do but i don't think we'll eliminate them. are we going to round up and arrest everyone that looks a little bizarre or wears black clothing or has a scary facebook page? i doubt it. you see, we treasure or personal freedoms in america and, unfortunately, occasional mass shootings, as horrific as they are, is one of the prices that we pay for the freedoms that we -- that we enjoy. i don't want to minimize the pain and suffering of the victims and their families and the communities. they are horrific. but it's not an epidemic and let's not go in a knee-jerk way and cage society for something that happens very rarely. >> james alan fox, thank you. coming up next, it was supposed to be a beautiful day for the beautiful game. the start of the world cup in soccer's spiritual team. but instead brazilians tackle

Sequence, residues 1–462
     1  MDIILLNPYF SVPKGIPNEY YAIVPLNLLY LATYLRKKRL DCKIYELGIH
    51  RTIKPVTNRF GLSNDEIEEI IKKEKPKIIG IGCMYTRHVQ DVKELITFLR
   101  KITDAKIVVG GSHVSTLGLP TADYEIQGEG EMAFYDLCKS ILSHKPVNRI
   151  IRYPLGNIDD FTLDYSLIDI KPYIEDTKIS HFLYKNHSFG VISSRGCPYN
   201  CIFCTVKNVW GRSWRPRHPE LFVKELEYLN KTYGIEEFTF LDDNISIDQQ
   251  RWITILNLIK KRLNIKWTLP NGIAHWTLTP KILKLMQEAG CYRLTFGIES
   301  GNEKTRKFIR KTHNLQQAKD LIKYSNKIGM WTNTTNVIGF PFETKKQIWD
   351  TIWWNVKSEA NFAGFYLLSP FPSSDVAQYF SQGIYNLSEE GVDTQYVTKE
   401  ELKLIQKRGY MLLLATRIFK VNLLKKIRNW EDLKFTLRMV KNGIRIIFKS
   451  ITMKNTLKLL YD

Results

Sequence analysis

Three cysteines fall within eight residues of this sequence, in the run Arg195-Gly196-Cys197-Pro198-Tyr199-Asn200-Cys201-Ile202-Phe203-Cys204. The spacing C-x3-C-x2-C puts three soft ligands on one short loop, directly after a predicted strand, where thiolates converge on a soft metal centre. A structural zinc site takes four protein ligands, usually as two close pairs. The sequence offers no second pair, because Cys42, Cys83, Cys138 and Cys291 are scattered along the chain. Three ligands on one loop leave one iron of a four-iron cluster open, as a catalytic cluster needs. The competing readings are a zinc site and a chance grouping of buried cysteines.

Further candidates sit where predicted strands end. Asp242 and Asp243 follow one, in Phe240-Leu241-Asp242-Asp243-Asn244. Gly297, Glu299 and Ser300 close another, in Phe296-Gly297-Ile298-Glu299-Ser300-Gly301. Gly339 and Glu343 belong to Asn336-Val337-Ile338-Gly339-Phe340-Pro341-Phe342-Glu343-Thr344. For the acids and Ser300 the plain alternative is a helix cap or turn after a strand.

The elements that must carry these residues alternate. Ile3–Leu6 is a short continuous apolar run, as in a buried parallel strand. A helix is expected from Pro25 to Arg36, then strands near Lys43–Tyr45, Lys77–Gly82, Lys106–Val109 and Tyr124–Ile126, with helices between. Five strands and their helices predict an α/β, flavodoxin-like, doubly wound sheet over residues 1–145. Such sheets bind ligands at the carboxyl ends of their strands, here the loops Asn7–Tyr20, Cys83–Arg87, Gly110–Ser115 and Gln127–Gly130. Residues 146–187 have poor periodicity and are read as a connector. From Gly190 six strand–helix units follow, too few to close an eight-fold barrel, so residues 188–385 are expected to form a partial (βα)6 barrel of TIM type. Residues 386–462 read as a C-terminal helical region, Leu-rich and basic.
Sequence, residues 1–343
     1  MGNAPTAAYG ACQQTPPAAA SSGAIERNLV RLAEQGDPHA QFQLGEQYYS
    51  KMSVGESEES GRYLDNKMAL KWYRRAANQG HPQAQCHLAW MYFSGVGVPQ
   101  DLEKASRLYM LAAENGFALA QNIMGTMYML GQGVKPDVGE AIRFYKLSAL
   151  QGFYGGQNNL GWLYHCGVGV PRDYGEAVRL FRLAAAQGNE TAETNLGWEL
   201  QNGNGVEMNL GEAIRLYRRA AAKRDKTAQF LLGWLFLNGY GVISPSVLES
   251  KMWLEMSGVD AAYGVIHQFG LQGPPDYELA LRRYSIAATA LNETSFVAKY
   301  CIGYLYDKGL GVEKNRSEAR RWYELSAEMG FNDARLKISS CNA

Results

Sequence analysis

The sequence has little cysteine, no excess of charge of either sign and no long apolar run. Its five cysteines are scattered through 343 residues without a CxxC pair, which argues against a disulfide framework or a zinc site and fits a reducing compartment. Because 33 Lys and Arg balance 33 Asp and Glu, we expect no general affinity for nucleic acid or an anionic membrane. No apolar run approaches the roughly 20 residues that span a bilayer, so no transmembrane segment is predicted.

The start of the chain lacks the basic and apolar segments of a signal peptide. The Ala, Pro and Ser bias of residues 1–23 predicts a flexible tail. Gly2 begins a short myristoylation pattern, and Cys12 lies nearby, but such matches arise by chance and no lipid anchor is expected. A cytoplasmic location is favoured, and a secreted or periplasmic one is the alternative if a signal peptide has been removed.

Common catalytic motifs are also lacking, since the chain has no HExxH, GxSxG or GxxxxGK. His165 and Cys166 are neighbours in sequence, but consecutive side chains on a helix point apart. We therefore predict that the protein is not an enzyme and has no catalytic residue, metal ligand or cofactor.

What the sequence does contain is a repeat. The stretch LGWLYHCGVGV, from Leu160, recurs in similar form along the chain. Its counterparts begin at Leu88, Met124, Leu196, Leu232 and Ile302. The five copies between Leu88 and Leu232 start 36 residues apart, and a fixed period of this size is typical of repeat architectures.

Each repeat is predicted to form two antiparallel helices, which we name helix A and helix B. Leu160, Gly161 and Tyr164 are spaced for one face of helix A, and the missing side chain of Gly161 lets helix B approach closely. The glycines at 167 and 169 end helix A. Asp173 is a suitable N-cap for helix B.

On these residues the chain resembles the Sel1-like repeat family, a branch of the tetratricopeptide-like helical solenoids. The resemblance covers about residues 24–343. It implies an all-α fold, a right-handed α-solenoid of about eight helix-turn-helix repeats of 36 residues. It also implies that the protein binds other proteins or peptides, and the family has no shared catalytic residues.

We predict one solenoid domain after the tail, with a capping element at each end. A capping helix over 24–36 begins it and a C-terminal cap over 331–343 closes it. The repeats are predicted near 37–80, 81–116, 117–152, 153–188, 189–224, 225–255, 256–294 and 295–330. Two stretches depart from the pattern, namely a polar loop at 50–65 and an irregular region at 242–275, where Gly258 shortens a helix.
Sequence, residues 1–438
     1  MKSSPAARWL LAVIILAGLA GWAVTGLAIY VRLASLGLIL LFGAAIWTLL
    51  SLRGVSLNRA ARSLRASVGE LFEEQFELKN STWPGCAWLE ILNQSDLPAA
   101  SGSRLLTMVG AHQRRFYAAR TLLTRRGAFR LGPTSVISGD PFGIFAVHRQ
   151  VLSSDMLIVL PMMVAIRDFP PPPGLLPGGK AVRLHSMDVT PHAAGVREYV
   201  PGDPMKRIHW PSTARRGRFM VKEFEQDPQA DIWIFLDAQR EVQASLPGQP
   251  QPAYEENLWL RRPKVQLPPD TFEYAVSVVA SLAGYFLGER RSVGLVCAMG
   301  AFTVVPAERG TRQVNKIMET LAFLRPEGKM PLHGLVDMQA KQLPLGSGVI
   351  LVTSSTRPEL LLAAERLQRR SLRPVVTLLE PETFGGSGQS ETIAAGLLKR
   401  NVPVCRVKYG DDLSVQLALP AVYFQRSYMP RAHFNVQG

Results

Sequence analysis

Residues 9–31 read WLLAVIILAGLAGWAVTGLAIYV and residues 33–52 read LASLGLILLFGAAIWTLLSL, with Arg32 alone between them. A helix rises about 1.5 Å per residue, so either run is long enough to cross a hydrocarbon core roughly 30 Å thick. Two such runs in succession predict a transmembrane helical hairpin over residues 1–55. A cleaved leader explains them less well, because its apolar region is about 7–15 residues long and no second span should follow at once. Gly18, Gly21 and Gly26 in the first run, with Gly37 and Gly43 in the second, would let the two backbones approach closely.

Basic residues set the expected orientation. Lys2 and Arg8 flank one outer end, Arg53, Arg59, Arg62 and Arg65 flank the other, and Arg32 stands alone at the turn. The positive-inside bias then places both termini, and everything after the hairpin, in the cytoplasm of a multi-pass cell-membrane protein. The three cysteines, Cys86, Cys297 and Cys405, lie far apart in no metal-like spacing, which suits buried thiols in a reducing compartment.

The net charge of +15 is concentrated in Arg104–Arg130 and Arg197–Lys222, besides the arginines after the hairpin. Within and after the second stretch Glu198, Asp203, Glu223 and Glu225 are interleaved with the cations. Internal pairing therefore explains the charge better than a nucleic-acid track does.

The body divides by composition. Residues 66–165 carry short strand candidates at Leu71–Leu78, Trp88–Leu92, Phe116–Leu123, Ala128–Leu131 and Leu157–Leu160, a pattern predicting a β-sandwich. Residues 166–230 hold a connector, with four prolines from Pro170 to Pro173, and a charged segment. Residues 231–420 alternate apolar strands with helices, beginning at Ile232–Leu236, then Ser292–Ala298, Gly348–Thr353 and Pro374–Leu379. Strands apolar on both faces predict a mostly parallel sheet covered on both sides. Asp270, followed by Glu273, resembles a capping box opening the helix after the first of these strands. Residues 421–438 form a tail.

the police. why are they so angry? ♪ [ girl ] my dad, he makes underwater fans that are powered by the moon. ♪ he can print amazing things, right from his computer. [ whirring ] [ train whistle blows ] he makes trains that are friends with trees. [ train whistle blows ] my dad works at ge. ♪ type 2 diabetes effects millions of us. and for many, it's a struggle to keep your a1c down. so imagine -- what if there was a new class of medicine that works differently to lower blood sugar? imagine...loving your numbers. introducing once-daily invokana®. it's the first of a new kind of prescription medicine that's used along with diet and exercise to lower blood sugar in adults with type 2 diabetes. invokana® is a once-daily pill